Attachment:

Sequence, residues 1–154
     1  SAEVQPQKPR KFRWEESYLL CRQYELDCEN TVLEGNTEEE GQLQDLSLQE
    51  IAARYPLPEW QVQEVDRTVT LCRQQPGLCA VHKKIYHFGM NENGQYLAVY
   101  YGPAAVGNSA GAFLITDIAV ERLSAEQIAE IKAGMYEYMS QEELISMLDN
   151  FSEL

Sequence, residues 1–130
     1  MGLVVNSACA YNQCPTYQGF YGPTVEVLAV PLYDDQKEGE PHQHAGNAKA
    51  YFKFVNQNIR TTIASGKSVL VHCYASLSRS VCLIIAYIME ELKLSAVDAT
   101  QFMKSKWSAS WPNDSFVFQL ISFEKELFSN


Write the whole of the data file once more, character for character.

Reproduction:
Sequence, residues 1–154
     1  SAEVQPQKPR KFRWEESYLL CRQYELDCEN TVLEGNTEEE GQLQDLSLQE
    51  IAARYPLPEW QVQEVDRTVT LCRQQPGLCA VHKKIYHFGM NENGQYLAVY
   101  YGPAAVGNSA GAFLITDIAV ERLSAEQIAE IKAGMYEYMS QEELISMLDN
   151  FSEL

Sequence, residues 1–130
     1  MGLVVNSACA YNQCPTYQGF YGPTVEVLAV PLYDDQKEGE PHQHAGNAKA
    51  YFKFVNQNIR TTIASGKSVL VHCYASLSRS VCLIIAYIME ELKLSAVDAT
   101  QFMKSKWSAS WPNDSFVFQL ISFEKELFSN